Algoma Public Health

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Increase in opioid-related harms in the Algoma region

Sun, Jul 18, 2021

Algoma Public Health (APH) is cautioning anyone who uses street drugs to take extra precautions at this time, as there have been reports of increased opioid-related harms in Algoma. APH is also asking all members of the community to continue their support for residents at risk of opioid poisonings and their loved ones.


Since the beginning of the COVID-19 pandemic in March of 2020, opioid-related emergency department visits have increased, as have confirmed and suspected opioid-related deaths in the Algoma region.


Northern Ontario communities including the Algoma region are among those that had the highest rates of opioid mortality in the pandemic cohort.  Algoma's opioid mortality rates during the pandemic cohort were significantly higher compared to the pre-pandemic cohort.

In 2019, the opioid-related death rate was 14.9 per 100, 000. In 2020, the opioid-related death rate was more than 3 times the rate reported in 2019, with a death rate climbing to 46.5 per 100, 000 reported for 2020.


 “COVID-19 has heightened the disparities in our communities which affects people who use substances,” said Allison McFarlane, public health nurse at Algoma Public Health. “Various social determinants of health, such as poverty, lack of secure housing and occupational issues can contribute to an increase in substance use. We continue to hear and see first-hand how the pandemic is affecting all communities, including people who use substances.”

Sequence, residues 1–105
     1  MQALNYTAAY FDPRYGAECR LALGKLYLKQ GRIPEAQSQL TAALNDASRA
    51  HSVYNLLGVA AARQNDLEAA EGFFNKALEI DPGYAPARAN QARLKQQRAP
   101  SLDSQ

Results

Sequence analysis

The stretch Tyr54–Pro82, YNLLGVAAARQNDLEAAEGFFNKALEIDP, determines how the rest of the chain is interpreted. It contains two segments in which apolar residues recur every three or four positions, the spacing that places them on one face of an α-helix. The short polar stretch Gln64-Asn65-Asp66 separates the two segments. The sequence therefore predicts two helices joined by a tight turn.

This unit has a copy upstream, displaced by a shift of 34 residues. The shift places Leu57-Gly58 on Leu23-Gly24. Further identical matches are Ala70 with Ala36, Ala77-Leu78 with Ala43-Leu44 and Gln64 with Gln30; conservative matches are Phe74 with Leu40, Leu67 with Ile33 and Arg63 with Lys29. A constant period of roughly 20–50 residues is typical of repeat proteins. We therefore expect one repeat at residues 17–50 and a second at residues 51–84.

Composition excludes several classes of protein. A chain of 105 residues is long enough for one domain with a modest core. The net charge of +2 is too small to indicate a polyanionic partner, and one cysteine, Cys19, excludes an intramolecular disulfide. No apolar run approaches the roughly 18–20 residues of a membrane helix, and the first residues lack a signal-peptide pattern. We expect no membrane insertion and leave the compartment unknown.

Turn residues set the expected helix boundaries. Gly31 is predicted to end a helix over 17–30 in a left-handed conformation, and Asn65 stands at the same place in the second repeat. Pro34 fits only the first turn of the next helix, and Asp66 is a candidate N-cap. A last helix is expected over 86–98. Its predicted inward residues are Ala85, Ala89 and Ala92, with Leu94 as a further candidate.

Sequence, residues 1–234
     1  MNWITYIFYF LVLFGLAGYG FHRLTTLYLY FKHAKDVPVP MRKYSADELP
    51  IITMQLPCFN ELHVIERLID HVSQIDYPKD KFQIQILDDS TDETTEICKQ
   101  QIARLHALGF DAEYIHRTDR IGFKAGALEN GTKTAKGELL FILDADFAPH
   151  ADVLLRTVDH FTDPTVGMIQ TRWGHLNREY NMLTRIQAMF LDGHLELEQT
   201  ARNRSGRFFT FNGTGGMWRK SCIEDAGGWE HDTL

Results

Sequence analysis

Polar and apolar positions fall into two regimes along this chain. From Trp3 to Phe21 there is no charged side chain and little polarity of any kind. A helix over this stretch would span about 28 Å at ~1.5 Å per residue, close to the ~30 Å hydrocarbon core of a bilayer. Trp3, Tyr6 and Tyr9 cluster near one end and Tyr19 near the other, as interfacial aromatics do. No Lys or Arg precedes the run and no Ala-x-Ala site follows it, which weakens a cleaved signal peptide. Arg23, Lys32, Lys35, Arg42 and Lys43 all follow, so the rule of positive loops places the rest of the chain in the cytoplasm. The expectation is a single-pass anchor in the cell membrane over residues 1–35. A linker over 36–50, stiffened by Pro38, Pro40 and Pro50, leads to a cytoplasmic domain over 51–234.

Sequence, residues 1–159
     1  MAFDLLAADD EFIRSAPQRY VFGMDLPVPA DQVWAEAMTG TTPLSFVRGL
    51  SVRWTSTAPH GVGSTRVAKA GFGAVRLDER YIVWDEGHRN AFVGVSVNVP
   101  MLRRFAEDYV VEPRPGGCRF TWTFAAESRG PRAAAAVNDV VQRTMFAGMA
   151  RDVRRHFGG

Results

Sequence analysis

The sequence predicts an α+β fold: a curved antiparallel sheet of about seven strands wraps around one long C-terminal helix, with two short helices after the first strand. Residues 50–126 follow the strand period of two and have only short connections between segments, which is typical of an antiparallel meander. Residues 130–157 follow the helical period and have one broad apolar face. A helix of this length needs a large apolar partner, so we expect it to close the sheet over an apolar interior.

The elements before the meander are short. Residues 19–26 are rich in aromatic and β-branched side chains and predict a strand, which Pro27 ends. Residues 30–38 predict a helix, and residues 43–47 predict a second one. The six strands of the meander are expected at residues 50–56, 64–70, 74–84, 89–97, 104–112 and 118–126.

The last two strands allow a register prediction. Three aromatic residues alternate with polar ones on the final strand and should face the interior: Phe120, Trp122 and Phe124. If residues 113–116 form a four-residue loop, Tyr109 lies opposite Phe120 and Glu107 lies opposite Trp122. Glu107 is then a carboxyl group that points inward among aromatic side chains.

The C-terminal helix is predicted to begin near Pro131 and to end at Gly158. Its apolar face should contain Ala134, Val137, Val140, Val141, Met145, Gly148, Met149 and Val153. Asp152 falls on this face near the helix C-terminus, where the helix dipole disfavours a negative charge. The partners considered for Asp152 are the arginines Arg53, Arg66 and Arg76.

Substance use and opioid poisoning does not discriminate, and neither should we when it comes to getting people the health services and help they need. Anyone who uses drugs should carry naloxone and make sure they always have someone with them when they use.


Please be careful, protect yourself, and reach out for support when you can:

  • Call 911 immediately if you think someone is experiencing an opioid poisoning
  • Never use alone – if this is not possible, have someone you trust check on you
  • Always start with a low dose and increase slowly, especially if trying something new or restarting use. If you previously used substances regularly, but have not used for some time, do not take the same amount as before, because your body will not be used to it and will be at high risk of overdose.
  • Carry a naloxone kit 
  • Never mix substances, including alcohol, as this increases your risk of overdose
  • To prevent the spread of COVID-19, when responding to an opioid poisoning, wear a mask if possible, wear the gloves provided in the naloxone kit and perform chest compression only CPR
  • Mental health and addiction support services in Algoma